Inside Wall Street: Time to Hitch a Ride With Indian Carmaker Tata

Gene Marcial's Inside Wall Street
Gene Marcial's Inside Wall Street

President Obama's recent three-day state visit to India has put a shine on some of the major companies in that country, with Tata Motors (TTM) leading the pack. Tata is India's leading maker of cars and trucks, and its American Depositary Receipts (ADRs), or shares that trade on the New York Stock exchange, have been on fire. They've hit $30 per ADR, up from $16 last May. A year ago, Tata's stock was languishing at a 52-week low of $11.46. Some bulls are now betting it has some more distance to go.

Wall Street analysts aren't exactly fired up by the auto industry these days, and only two major outfits follow Tata, including EVA Dimensions, which now rates it a sell following the stock's big run-up. However, Standard & Poor's recommends Tata as a buy. S&P analyst Efraim Levy just boosted his price target on it to $39 a share from $32.

Some of the smart-money crowd has already accumulated shares, including BlackRock Institutional Trust, UBS Global Asset Management and Wellington Management. Although many U.S. investors are starting to get warmed up by General Motors' impending initial public stock offering later this month, the strong appeal of Tata is hard to resist, particularly for those seeking to ride the rapid growth in the emerging markets and the upswing in global demand for motor vehicles. For one thing, Tata's sales are going gangbusters.

Rising Volume Should Fatten Profits

"The company will benefit from the long-term uptrend we see in demand for commercial and passenger vehicles in India, as well as growth in Tata's exports," says Levy. He notes that Tata's production for October jumped 51% from a year ago, led by its car output, which has more than doubled. Sales for the month were also robust, increasing 21%, as exports also doubled. The rising sales volume, adds Levy, should help fatten profit margins.

In fiscal 2010, ended Mar. 31, Tata sold 880,396 vehicles, including Jaguar and Land Rover cars, up from 672,747 in fiscal 2009. He predicts the combined sales of Jaguar and Land Rover (Tata purchased the two companies from Ford [F] in June 2008 for $2.3 billion) should grow further in fiscal 2011.

Demand for cars in India has been increasing since 2002, on the back of the nation's rising gross domestic product. The Indian auto industry represents some 4% of national GDP. Total industry sales, including exports, have been in an upswing, totaling 2.48 million in fiscal 2010, up from 1.93 million in the previous fiscal year. Tata's market share has been on a roll as well. The company now controls 25.5% of the four-wheel vehicle market, up from 24.4% in fiscal 2009.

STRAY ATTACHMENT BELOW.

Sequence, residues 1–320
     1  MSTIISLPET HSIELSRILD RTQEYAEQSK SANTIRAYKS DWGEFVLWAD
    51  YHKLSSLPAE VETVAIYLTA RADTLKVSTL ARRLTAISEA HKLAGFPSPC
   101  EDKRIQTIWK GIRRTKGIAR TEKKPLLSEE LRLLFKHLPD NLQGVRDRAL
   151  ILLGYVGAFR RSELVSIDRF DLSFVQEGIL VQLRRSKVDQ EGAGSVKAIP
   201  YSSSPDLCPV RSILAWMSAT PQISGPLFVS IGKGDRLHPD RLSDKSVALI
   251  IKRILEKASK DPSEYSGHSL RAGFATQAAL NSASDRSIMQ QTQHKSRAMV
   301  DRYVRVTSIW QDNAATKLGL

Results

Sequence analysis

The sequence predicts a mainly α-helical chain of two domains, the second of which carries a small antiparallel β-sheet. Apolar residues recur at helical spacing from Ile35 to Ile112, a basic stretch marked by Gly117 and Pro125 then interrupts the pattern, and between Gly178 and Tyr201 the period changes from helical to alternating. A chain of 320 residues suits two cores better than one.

Several Positive Factors

The Indian government's fiscal stimulus program initiated in 2008, which called for spending $4 billion, helped augment vehicle sales, partly because it included the provision of accelerated lines of credit for the purchase of commercial vehicles and depreciation of certain commercial vehicles bought in calendar 2009.

The further jump in Tata's revenues in fiscal 2011 and beyond will be due, in large measure, to several positive factors, including the improving economic environment in India, rising sales in its low-cost Nano small cars and projected sales of new vehicles, including commercial trucks and buses. "We expect new product introductions and vehicle model updates will mitigate pressure on Tata's market share as foreign penetration of the Indian market increases," says Levy.

Levy has raised his earnings estimate for Tata, forecasting it will earn $3.45 in fiscal 2012 ending Mar. 31, from $2.75, and his fiscal 2011 estimate is now $3.27, up from $2.42. Those numbers are way higher than fiscal 2009's earnings of 94 cents. The analyst figures Tata's revenues in fiscal 2011 will increase 24% from fiscal 2010's $19.3 billion. In fiscal 2009, Tata posted revenues of $15.6 billion.

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An analyst at an investment bank in Hong Kong, who rates Tata as outperform but prefers not to be identified, says the stock is undervalued and attractive for multiple reasons, including the uptrend in commercial vehicle sales cycle, ramp-up in Nano production and a strong product pipeline. Tata should benefit the most among vehicle manufacturers in India from the rising trend in commercial vehicle sales because of its dominance in the industry. Tata Motors is the largest member of the Tata Group of Companies that has been manufacturing cars and trucks since 1954.

Indeed, shares of Tata Motors is no longer just a play on the pumped-up demand for vehicles in India and the emerging markets. They're also an opportunity to ride with the company's growth potential in the U.S. With President Obama's fresh diplomatic moves to create deeper ties with India, Tata is expected to be one of the large Indian companies that will benefit from a closer U.S.-India partnership.

For more on stocks that could be good plays on Indian growth, see this Face-Off on Stocks.

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